Google took to the stage this morning at their annual Google I/O Developer Conference, and one of today’s biggest announcements came in the form of what the company is calling “Material Design” – a comprehensive overhaul to Google’s design language that will be used throughout Google’s entire portfolio of products, from Chrome OS to the newly announced Android 5.0 and even the web.
Google says Material Design is all about building a design around the concept of how a digital material would act in the real world, with an emphasis on depth, color, and motion. It’s quite difficult to describe in text, really, but essentially this is one design language that’s consistent throughout all of Google’s portfolio – even going so far as using the same style guidelines for all platforms. It’s flat, its colorful, and it’s got a heavy emphasis on motion.
Google says “Our material is grounded in tactile reality, inspired by our study of paper and ink, yet open to imagination and magic,” and that’s a pretty good way to put what we’re looking at here.
Image Source: The Verge
It seems as if the Nokia X was so popular that it demanded a new version – and here it is, the Nokia X2. While still aimed at the low-end, off-contract market, the X2 has been vastly upgraded and improves just about everything that was present in the Nokia X.
While the X2 still comes with a custom fork of Android that isn’t Play-certified, the hardware has been massively upgraded and even trumps the low-end Windows Phone market. Specs-wise, you get a dual-core 1.2GHz Snapdragon 200, 1GB of RAM, 4GB of storage, a 5-megapixel camera with flash, a front facing camera and even a MicroSD card slot that supports up to 32GB cards.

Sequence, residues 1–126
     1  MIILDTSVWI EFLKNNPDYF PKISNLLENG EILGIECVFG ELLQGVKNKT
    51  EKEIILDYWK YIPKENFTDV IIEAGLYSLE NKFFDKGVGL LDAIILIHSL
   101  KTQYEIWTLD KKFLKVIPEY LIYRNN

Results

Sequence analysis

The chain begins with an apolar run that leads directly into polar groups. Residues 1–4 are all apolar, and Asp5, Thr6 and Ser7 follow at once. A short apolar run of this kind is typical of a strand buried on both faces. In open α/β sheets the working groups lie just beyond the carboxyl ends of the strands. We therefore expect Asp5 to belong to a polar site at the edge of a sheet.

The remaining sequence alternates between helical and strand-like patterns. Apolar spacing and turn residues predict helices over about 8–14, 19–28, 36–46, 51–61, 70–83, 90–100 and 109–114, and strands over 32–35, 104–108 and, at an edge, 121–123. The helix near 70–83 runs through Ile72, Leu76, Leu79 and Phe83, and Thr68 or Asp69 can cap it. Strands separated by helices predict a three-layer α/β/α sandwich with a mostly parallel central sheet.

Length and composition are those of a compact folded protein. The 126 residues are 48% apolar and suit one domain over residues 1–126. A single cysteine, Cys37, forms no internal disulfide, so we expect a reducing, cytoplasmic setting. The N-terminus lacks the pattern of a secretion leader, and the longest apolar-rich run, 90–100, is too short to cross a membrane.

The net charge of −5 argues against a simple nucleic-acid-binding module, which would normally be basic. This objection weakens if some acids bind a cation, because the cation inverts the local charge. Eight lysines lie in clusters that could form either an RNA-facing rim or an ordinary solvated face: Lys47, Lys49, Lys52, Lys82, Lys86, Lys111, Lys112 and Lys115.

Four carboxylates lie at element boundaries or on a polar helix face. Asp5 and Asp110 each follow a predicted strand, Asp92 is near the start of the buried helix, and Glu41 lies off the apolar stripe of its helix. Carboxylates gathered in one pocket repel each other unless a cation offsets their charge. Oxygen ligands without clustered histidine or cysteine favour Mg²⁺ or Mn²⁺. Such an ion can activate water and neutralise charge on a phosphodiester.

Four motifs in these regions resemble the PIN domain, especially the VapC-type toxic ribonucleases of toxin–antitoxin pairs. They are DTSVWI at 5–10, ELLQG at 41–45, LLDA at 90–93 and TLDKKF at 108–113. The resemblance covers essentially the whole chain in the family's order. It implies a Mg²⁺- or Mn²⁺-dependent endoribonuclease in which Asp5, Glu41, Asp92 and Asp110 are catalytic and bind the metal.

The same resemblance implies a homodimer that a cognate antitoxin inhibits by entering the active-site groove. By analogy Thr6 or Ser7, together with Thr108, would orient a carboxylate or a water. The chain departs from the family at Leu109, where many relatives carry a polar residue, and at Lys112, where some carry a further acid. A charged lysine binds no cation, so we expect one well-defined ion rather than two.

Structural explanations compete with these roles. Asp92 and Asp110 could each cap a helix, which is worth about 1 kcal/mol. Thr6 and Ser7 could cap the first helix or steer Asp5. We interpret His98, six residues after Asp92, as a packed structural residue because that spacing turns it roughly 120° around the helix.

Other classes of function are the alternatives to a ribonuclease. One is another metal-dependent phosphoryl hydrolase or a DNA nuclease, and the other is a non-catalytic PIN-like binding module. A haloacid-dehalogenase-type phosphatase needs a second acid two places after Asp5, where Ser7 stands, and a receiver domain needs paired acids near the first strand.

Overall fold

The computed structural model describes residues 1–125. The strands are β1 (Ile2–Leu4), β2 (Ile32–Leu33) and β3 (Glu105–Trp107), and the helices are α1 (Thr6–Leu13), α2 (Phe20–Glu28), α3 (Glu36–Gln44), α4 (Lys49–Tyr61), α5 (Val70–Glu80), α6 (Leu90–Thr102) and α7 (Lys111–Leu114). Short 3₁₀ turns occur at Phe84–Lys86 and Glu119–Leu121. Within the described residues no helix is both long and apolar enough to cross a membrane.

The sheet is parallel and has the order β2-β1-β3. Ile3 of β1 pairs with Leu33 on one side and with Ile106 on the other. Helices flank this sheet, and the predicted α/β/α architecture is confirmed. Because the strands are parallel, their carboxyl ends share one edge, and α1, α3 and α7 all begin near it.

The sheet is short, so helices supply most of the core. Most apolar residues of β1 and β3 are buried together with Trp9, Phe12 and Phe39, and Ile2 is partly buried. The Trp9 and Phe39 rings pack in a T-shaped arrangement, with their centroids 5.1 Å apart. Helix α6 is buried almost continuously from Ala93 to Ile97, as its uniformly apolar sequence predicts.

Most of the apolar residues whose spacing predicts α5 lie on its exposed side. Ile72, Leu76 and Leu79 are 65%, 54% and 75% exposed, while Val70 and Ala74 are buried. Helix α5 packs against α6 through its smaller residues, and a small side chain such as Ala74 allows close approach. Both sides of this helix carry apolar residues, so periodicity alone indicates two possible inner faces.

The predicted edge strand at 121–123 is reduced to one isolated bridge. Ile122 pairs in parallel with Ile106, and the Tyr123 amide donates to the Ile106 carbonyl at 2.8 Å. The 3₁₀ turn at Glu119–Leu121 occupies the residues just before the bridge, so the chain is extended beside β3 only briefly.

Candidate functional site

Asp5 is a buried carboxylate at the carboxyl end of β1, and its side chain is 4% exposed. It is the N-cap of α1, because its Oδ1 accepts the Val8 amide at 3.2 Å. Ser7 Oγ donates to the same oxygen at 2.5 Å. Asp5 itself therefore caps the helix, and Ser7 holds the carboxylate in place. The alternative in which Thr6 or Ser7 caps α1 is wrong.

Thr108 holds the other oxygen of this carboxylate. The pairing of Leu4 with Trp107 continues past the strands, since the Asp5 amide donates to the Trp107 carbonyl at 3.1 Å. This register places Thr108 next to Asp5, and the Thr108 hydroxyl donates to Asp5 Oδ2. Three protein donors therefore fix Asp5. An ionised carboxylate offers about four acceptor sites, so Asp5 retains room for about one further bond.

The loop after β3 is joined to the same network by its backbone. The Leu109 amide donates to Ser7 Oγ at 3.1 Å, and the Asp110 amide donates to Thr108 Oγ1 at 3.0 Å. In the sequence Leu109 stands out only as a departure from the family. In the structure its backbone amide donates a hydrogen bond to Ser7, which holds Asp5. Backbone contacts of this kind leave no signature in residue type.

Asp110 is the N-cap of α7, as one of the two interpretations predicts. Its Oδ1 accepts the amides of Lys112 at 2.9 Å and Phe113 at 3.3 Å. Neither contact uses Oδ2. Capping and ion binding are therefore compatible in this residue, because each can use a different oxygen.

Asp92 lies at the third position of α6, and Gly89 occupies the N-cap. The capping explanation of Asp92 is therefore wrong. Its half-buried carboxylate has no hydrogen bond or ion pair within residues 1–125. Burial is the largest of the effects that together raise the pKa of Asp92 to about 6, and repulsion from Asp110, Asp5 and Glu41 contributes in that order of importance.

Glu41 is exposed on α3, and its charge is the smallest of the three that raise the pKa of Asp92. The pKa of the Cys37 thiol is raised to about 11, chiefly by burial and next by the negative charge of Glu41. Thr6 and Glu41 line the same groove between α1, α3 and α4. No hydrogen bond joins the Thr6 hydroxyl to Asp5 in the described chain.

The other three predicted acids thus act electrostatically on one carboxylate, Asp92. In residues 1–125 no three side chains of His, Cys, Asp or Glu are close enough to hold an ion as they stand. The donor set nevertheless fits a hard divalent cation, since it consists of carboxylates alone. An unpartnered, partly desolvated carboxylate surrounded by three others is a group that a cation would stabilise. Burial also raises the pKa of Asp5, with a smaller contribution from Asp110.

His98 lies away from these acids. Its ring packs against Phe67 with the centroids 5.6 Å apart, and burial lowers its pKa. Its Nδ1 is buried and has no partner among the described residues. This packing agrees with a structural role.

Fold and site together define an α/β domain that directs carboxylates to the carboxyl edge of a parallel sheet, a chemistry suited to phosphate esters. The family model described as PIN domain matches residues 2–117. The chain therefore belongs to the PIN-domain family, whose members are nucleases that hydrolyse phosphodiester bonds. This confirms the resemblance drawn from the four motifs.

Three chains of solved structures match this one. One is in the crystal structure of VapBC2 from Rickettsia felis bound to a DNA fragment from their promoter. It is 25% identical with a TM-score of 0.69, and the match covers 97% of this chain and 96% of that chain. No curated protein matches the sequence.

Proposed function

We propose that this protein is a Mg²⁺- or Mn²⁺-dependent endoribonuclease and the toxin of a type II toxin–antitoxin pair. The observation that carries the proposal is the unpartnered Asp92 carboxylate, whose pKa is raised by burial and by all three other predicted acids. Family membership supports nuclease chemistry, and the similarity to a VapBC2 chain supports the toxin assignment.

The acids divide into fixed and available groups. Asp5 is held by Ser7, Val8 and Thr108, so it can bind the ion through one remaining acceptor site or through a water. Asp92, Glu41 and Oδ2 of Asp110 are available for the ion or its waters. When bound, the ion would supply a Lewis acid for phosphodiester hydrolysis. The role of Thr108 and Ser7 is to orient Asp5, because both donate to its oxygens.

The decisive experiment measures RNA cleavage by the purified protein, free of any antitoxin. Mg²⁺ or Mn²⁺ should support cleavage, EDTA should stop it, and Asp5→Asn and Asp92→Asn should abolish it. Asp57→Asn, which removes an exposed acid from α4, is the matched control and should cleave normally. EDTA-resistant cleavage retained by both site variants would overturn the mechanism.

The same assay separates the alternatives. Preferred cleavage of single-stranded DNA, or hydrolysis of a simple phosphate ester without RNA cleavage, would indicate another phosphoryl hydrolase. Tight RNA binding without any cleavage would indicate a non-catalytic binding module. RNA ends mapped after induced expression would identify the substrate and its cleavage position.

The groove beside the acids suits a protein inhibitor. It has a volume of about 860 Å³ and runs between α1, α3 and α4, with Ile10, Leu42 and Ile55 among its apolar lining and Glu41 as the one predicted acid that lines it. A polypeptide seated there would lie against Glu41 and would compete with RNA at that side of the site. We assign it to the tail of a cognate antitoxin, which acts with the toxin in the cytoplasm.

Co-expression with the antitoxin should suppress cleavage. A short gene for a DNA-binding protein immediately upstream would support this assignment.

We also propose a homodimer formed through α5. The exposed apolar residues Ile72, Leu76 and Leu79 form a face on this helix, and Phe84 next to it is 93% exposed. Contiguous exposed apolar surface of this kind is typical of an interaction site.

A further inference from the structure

On the software side of things, the Metro-esque custom launcher comes with a few improvements like an apps list similar to that of Windows Phone, new screens, and the ability to set the color of the tiles pinned to your Start Screen, also a feature straight out of Windows Phone. Pre-loaded apps include Skype, Outlook and OneDrive with a generous 15GB of online storage (though this was given to every non-paying OneDrive user recently). And being Android, apps aren’t a worry even if it’s not Play-certified.
As mentioned before, the device will sell for about $135 and will be available immediately in “select countries”. As ever, they come in a wide variety of colors; green, orange and black are the launch colors and they’ll later introduce yellow, white and grey colors.